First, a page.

Remember the days when a rock album was dirty and even a little dangerous?
Too often these days over-production or the tendency to play things safe with a straight bat actually pull the rock out of rock and roll but not so with UK outfit The Dust Coda.
Led by Brisbane born vocalist/guitarist John Drake, The Dust Coda are not one of those bands and this is evident throughout their upcoming album Mojo Skyline which is set for release on March 26.
Recorded at Modern World Studios, Mojo Skyline takes you on a hard rock journey, containing five years worth of tracks battling the band’s raw intensity and innermost demons.
It is not an album for the faint-hearted, featuring up-tempo, high energy riffs coupled with the at times soulful yet still harsh extremities of Drake’s voice that channels the poetic nature of Led Zeppelin through to the nasty, vicious assault of Guns ‘N Roses.
Not to say The Dust Coda’s music rips from the very fabric of such artists, moreso they take bits and pieces from a plethora of rock and hard rock luminaries and put them through the Southern blender to come up with a rock persona dripping with harsh tales of loss and deliverance while also accentuating the finer points of rock.
This is definitely a guitar-driven album, led by Adam Mackie and ably backed up by Drake, with each song featuring a guitar-laden intro that ultimately succumbs to the sheer weight of drums and vocals that add layers and dexterity to a sound that snaps harder than a hangman’s noose.
This is pure, unvilified rock at it’s finest, featuring timeless rock numbers that are sure to remain stuck in your memory long after the album finishes.
From the already familiar feel of singles “Breakdown”, “Limbo Man” and “Jimmy 2 Times” to the softer, yet still rocky as fuck numbers like “Dream Alright”, Mojo Skyline has a little something for all connoisseurs of rock.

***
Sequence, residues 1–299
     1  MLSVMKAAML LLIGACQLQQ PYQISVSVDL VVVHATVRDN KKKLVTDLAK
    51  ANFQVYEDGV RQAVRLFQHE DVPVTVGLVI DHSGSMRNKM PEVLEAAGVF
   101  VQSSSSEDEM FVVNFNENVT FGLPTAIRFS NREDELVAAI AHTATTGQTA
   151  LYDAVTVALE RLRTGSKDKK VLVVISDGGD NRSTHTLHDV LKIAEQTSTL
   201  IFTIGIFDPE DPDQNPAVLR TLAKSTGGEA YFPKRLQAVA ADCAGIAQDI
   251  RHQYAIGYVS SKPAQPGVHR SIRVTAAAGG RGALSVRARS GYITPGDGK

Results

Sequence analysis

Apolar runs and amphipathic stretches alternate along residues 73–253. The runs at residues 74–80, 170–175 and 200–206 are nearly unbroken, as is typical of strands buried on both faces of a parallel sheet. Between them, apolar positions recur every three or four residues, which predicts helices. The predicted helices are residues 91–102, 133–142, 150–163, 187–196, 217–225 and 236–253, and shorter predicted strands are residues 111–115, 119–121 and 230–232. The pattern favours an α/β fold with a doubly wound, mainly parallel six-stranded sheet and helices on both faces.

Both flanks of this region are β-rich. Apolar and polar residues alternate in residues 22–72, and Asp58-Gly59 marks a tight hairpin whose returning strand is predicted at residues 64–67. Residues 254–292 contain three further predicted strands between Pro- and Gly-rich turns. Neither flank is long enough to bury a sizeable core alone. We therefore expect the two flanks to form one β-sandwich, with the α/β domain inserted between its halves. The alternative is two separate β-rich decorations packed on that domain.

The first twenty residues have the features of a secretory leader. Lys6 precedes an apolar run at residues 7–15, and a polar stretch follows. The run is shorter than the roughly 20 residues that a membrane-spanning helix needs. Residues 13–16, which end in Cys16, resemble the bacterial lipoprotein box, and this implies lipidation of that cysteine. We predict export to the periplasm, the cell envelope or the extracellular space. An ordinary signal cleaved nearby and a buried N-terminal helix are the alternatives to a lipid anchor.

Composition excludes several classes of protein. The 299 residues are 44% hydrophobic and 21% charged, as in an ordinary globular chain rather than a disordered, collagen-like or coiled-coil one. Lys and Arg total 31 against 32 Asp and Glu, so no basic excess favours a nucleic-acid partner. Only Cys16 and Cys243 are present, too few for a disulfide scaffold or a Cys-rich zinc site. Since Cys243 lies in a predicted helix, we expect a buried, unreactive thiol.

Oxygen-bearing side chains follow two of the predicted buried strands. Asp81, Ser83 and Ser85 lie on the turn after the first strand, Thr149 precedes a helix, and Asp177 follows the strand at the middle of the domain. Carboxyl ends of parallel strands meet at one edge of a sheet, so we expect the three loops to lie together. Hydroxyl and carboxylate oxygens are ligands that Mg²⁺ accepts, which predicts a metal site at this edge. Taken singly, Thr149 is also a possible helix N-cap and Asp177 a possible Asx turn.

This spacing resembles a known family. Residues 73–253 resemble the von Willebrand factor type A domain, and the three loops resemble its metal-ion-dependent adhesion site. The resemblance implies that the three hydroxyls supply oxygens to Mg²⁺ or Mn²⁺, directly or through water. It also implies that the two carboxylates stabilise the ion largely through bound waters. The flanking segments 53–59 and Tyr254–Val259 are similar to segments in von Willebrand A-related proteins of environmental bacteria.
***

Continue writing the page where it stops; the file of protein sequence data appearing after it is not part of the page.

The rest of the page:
The fact that one of the ballads, – and those who know me know I HATE ballads, – “Rolling” is one of the highlights for me sums up the sonic intensity and ferocity of this album.
“Rolling” starts as a slow-burning rock number that begins full of energy but breaks down into an acoustic number before firing up again midway through, finishing with a truly epic guitar solo that epitomizes everything there is about the word epic in relation to a rock song. It displays every facet of The Dust Coda’s music psyche in one neatly wrapped package that should be the go-to-song for those seeking their first musical introduction with the band.
Other standouts are “I’ve Been Waiting”, “She’s Gone” and “Best Believe It”, each featuring an assortment of guitar solos and breakdowns that could sound forced or contrived in the hands of most bands but comes across as relevant and honest in the hands of The Dust Coda.
This album may not break significant ground musically but is a perfect example of how rock and roll music should sound when left to breath and rock on its own terms, which this album does in spades!
Watch “Limbo Man” below: